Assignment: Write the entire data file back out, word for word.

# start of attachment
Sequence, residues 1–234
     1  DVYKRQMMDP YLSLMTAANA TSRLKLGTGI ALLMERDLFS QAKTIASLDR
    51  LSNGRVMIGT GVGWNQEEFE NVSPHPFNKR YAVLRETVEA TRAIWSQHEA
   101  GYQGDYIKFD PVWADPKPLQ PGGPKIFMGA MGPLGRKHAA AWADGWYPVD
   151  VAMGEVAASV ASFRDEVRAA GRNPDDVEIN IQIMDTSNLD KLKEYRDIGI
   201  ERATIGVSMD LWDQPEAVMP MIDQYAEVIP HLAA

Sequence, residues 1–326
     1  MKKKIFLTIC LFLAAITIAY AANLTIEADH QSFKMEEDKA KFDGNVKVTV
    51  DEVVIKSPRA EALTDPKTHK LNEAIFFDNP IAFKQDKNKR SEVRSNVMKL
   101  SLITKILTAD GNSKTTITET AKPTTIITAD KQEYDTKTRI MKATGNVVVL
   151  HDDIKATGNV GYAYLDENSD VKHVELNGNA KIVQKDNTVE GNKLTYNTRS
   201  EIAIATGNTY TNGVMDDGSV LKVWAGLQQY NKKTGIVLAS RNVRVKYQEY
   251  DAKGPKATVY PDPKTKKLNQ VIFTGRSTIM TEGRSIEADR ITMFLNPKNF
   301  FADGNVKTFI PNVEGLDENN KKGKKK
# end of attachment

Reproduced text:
Sequence, residues 1–234
     1  DVYKRQMMDP YLSLMTAANA TSRLKLGTGI ALLMERDLFS QAKTIASLDR
    51  LSNGRVMIGT GVGWNQEEFE NVSPHPFNKR YAVLRETVEA TRAIWSQHEA
   101  GYQGDYIKFD PVWADPKPLQ PGGPKIFMGA MGPLGRKHAA AWADGWYPVD
   151  VAMGEVAASV ASFRDEVRAA GRNPDDVEIN IQIMDTSNLD KLKEYRDIGI
   201  ERATIGVSMD LWDQPEAVMP MIDQYAEVIP HLAA

Sequence, residues 1–326
     1  MKKKIFLTIC LFLAAITIAY AANLTIEADH QSFKMEEDKA KFDGNVKVTV
    51  DEVVIKSPRA EALTDPKTHK LNEAIFFDNP IAFKQDKNKR SEVRSNVMKL
   101  SLITKILTAD GNSKTTITET AKPTTIITAD KQEYDTKTRI MKATGNVVVL
   151  HDDIKATGNV GYAYLDENSD VKHVELNGNA KIVQKDNTVE GNKLTYNTRS
   201  EIAIATGNTY TNGVMDDGSV LKVWAGLQQY NKKTGIVLAS RNVRVKYQEY
   251  DAKGPKATVY PDPKTKKLNQ VIFTGRSTIM TEGRSIEADR ITMFLNPKNF
   301  FADGNVKTFI PNVEGLDENN KKGKKK